My daughter Sarah is 21 years old today. Yesterday she was born, and a grinning toothless baby, and a pre-schooler who didn't look back at her teary-eyed mother in the hallway. Yesterday she was a first-grader who enjoyed having Harry Potter read to her but asked if she could read it herself, a middle-schooler playing Helena in A Midsummer Night’s Dream, a high school graduate who danced the tango down the aisle with her best friend while the band played Pomp and Circumstance. Today she's a college student and a writer, grown up, and my nest is a little emptier. I'm proud of her.
Sarah and the three siblings who followed have taught me more than I've taught them. Here are some lessons in motherhood I learned along the way.
- Otherwise breast-fed babies will sleep through the night at six weeks old on their stomachs after one formula bottle with a little rice cereal in it given by dad. Find an old-school pediatrician to approve this. Parents and babies need sleep.
- Use What to Expect and other parenting books as guidelines and suggestions, not bibles or law books. Parent by your gut. No one knows your child more than you do.
- Triple-sheet the crib, with flat waterproof pads in between each layer. Sounds like a small thing, but it’s huge in the middle of the night if a newborn’s diaper leaks. Changing a crib sheet is a nightmare. You’ll appreciate this advice at three a.m. when all you have to do is peel off the dirty sheet.
- When a toddler throws a fit, walk away. They’re trying to get your attention; don’t give it to them. They’ll figure out quickly that you give attention when they’re acting like humans, not aliens. Say no. My mom always said discipline is the second most important thing you give your kid after love, and she was right.
- Always make doctor’s appointments for either first thing in morning or first thing after lunch. Minimizes your healthy-child visit office wait time. Why expose your healthy kid to a waiting room full of sick kids longer than necessary?
- Your child’s grades and accomplishments are not what are important, so stop bragging about them on Facebook. What kind of person they are is what matters.
- Read to your child and s/he has a better chance of becoming a reader, but not every kid loves to read. Kids who don’t have a natural passion for reading prefer non-fiction books on topics that interest them versus storybooks.
- Let them wear the princess dress to pre-school, or the outfit they chose that doesn’t match. Childhood is too short. Choose your battles.
- Let teachers do their jobs. Would you want someone micromanaging you as a mother? But fly your broomstick over to the school when necessary. Save that for very rare occasions, and always to advocate for something that’s really bothered your kid.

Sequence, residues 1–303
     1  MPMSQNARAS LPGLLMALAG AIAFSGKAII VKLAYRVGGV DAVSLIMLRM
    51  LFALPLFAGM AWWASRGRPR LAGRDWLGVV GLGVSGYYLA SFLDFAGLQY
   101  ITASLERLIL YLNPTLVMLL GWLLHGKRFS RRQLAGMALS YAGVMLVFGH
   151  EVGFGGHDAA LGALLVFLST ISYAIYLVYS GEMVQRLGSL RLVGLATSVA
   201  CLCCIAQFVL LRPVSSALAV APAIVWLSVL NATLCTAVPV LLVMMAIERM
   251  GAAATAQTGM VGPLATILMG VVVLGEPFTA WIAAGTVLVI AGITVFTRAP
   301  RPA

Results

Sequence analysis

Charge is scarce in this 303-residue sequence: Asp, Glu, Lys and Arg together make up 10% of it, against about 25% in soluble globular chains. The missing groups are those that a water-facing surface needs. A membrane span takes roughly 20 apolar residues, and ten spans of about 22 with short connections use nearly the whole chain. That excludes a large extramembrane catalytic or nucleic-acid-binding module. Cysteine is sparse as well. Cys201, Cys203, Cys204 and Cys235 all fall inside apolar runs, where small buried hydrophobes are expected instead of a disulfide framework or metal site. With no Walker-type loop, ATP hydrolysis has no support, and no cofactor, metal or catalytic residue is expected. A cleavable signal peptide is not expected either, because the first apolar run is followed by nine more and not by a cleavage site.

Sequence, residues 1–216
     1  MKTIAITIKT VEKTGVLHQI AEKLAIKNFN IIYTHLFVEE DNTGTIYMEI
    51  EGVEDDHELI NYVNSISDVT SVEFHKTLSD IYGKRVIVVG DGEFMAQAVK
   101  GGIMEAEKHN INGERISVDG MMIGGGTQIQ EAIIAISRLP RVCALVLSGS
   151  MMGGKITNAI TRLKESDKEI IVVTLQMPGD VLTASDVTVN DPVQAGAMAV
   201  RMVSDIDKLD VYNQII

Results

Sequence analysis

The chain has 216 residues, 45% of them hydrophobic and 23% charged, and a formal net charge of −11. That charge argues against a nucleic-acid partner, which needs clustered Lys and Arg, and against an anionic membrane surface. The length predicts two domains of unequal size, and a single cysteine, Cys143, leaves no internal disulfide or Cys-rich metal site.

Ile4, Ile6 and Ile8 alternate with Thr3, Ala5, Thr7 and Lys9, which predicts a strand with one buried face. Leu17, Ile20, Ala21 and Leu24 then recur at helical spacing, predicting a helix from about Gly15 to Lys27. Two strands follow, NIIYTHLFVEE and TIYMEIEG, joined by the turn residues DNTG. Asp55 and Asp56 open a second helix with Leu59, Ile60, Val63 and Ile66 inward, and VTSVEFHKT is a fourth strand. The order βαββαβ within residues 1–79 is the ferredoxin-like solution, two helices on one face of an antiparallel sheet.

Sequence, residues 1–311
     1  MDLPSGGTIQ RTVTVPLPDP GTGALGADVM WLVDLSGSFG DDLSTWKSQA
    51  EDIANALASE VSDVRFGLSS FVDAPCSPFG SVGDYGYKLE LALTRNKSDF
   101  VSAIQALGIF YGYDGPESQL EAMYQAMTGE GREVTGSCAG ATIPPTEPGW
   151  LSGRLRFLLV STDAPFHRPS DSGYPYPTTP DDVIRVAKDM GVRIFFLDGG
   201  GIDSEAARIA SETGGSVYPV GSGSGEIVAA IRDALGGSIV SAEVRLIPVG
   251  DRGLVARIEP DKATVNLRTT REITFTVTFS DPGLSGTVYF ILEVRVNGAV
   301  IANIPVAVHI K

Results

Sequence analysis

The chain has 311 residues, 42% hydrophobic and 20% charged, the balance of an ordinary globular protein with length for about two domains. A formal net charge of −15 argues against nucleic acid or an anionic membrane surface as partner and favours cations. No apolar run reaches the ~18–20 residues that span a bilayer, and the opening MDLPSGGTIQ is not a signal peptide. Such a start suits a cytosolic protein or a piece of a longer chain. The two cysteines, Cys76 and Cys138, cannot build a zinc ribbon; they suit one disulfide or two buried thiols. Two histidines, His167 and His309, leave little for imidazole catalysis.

- You're in charge, not your kid. They'll be as picky an eater as the number of times you get up and make them something else to eat. Let them know the score of the game; not everyone can win it. You're not doing the world a favor if you raise a spoiled brat.
- Cut the cord. Allowing children a level of independence tells them that you trust them. They know you’re there even if you don’t chaperone every event they attend.
- Stop screaming at sports games. No one likes this, least of all your kid. Try attending one game where you only say positive things.
- Let them talk. Ask how their day was. It’s so easy to fire questions and orders at our kids, and less easy to just listen to them.
- Remember everything is a phase. Whether it’s potty-training or middle-school hormonal attitudes or unsightly piercings, it will pass with time, changing just like the weather.
- Parenting was easier before Facebook. Ignore the other parents on Facebook. There’s an arrow in the upper right hand corner of posts in your feed and you can hover over it and magically unfollow/hide people. Do this for anyone who either wastes your time bragging about their kids endlessly or in some way makes you question your ability as a parent.
- Realize you’ll mess up. You’ll do and say stupid things as a parent. Say you’re sorry. Forgive yourself. Move on.
- Understand that unless you are in an extremist religion, there is a very slim chance that your offspring will go to their wedding as a virgin. Talk to your kids about sex. Lose the shame and guilt around the topic. It's amazing how many parents, who were sexually active in high school, act as though their kids aren’t having sex. Condoms are "protection, not permission” mainly because you are far too young to be a grandmother. No sense in burying your head in the sand about drinking or pot, either. Be a realist; it will keep them safe.
- Text your kid. Getting your kid a phone is a communication and safety tool for you, not a luxury for them. They’ll talk to you more on this venue, that they prefer.
- Always be on your kids’ side and let them know you’re always there. The world can suck. They need to know you are there for them no matter what.
- Don’t avoid social media. Forbidding Facebook after their policy age (13) or other social media like Twitter, Instagram and Snapchat is silly and embarrasses your kids socially. Learn about the social media your kids want to be on, have your own accounts, and set guidelines. Get out of the dark ages. They aren’t where your kids are.
- Love your kids, and let them know you do. Nothing else matters.
—Mary McCarthy is on Twitter @marymac